Editor’s Note: For all the shiny new watches we come across every week, nothing gets our hearts racing like a great vintage timepiece. These are watches with stories, some known, some lost to history. Watches from the 1950s, ‘60s and ‘70s come from an era when a man’s timepiece was his everyday carry, a tool for the job that wasn’t put away when things got down and dirty. Many vintage watches bear the marks of use that we endearingly call “patina”, and remain that much more lovely in spite of (or because of) it.
The other appealing aspect of vintage watches is their rarity. Even the most common old timepieces are becoming harder to find in good shape. So while you can walk into a retailer and buy a brand new watch anytime, finding a good vintage piece requires patience, persistence, research and legwork. This leads us to the tenth installment of our ongoing series, Timekeeping Selects, a partnership with Analog/Shift, the New York-based purveyor of vintage watches. We’ve done the legwork for you, handpicking the coolest, most unique old watches, all of which have impeccable authenticity and are serviced and ready to wear.
In the 1960s, Heuer was the chronograph brand. Its Carrera, Autavia, Camaro and Monza wrist timers were worn by race car drivers and well-heeled enthusiasts alike. But being the leading brand, they were more expensive than a lot of armchair racers could afford. This gave rise to the so-called “Poor Man’s Heuer”, those chronographs that resembled Heuers and, in some cases, were even made by Heuer for other brands. Many of those brand names have been lost to history — Clebar, Aristo, Tradition — while others have lived to the present day in one form or another. One of the better-known examples of a Poor Man’s Heuer is the Hamilton chronograph we’re featuring today.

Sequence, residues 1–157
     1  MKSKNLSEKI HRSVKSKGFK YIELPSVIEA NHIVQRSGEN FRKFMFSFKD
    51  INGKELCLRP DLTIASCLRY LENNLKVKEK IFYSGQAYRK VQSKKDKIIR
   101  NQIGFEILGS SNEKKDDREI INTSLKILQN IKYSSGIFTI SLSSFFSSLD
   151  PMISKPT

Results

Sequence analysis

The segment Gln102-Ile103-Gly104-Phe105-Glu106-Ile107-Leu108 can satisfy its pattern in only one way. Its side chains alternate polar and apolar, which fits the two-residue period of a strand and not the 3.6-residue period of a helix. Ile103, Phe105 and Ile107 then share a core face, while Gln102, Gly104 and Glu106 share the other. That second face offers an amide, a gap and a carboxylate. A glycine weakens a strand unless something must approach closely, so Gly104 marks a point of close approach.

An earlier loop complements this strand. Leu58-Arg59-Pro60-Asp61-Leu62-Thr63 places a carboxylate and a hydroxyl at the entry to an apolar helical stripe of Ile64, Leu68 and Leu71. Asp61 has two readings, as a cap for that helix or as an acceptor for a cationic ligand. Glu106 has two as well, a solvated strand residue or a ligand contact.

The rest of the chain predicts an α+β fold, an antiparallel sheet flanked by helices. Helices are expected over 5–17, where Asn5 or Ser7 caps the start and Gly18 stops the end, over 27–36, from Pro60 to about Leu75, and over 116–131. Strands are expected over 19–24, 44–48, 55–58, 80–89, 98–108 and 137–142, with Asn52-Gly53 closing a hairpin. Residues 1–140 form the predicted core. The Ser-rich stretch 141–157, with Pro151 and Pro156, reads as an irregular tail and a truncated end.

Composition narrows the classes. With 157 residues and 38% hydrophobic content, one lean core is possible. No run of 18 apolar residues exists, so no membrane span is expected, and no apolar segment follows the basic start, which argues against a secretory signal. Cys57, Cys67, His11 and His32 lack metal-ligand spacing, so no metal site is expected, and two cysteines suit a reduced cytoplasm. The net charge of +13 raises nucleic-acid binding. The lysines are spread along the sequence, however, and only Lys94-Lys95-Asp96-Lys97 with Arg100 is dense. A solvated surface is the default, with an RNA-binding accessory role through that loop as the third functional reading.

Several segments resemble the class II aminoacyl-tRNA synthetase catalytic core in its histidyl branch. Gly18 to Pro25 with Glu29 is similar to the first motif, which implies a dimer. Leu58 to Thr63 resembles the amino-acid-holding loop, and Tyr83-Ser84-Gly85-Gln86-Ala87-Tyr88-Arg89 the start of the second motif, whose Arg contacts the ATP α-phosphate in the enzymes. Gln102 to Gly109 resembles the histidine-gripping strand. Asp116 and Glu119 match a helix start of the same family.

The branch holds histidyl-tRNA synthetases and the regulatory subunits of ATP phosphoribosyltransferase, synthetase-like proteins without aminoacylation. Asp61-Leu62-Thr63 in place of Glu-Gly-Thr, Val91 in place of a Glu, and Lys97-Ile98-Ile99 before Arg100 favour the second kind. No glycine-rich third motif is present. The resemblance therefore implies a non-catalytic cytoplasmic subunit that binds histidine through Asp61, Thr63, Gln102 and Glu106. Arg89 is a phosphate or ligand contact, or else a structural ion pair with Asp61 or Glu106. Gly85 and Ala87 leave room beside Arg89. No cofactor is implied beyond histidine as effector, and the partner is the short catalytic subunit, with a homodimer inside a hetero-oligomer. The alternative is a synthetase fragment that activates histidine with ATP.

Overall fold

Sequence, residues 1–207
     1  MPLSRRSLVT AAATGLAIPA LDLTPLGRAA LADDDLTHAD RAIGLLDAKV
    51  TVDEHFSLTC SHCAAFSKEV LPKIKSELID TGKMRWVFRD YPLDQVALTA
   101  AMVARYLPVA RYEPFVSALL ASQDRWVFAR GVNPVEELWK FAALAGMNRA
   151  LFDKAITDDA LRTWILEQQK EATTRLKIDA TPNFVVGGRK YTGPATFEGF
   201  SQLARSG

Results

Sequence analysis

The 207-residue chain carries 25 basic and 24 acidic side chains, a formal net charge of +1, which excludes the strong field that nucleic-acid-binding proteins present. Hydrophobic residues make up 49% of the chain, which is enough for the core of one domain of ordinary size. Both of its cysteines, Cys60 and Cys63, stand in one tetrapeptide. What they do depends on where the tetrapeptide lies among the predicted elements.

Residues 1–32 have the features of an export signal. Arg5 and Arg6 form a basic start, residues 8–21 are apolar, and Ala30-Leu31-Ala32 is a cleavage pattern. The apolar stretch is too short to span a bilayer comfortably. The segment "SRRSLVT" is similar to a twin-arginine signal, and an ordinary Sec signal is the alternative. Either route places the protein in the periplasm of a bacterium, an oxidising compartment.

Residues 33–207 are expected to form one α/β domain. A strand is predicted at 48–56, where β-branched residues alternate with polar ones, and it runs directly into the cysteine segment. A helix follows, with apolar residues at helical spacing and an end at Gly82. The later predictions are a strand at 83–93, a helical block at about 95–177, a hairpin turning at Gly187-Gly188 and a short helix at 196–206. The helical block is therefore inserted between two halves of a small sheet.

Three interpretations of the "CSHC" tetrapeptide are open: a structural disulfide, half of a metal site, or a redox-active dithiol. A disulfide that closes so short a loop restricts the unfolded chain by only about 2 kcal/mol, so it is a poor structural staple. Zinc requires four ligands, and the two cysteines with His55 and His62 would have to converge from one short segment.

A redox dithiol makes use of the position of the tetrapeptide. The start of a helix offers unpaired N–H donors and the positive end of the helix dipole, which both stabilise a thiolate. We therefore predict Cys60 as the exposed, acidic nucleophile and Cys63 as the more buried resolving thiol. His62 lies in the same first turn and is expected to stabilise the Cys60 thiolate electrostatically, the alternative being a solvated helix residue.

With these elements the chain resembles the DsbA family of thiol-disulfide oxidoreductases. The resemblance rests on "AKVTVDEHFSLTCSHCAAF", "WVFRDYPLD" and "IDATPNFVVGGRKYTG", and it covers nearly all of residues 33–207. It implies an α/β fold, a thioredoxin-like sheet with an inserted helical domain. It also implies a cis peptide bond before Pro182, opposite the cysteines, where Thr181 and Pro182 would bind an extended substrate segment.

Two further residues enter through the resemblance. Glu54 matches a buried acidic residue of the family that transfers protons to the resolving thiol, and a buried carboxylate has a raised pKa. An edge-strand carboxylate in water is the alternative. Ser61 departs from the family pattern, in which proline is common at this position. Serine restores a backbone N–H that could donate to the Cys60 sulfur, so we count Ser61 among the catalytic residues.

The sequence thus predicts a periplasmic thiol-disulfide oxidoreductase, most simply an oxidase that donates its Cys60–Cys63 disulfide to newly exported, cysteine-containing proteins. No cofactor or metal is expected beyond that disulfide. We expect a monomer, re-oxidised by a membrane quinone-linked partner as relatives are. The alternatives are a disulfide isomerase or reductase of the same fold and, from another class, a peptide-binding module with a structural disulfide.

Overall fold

Hamilton is a well-known brand with roots dating back to the 19th century; the brand made pocket watches and chronometers for the American railroad and Navy, respectively. By the 1960s, Hamilton was losing ground and tried to stem its losses by purchasing the Swiss company Buren, from which it produced watches with the “Swiss Made” label on the dial. It also outsourced the production of some of its watches, including a popular line of chronographs that were built to order by Heuer itself; resembling the latter’s Carrera, they featured dual contrasting “Panda” registers, a broad, creamy dial and classic mushroom push-pieces. Inside ticked a hand-wound Landeron 248, a venerable movement that later morphed into the Valjoux 7733. The watch proved successful for Hamilton and is one of our favorite Poor Man’s Heuers for reasons beyond its OEM build. It’s also eminently more affordable than a vintage Carrera of the same age.
Though Hamilton lost its all-American cachet, the watches it sold in the late 1960s had a cool elegance to them. This chronograph is a perfect example. The 36-millimeter case has the clean lines of a classic ‘60s watch and a minimalist design — a departure from the garish, angular watches it was building in the ‘50s. Even the logo, with its sans-serif font and stylized “H”, looks right out of a Mad Men episode. The watch also comes from the last halcyon years of the hand-wound chronograph, a species we particularly covet. Only a year or two after this watch was originally sold, Hamilton was part of a consortium of brands, including Heuer, that worked to develop the world’s first self-winding chronograph movement. We’ll still take ours hand-cranked, thank you very much.
This Hamilton chronograph comes off of a fresh service in remarkable condition, with only minimal patina to the steel case and a very clean dial, devoid of oxidation or discoloration. The chronograph function snaps to attention and the watch keeps good time. We’re selling it on a ‘60s vintage leather strap along with an assortment of Crown & Buckle nylon and leather straps for mix-and-match fun. This is one time being “poor” isn’t a bad thing.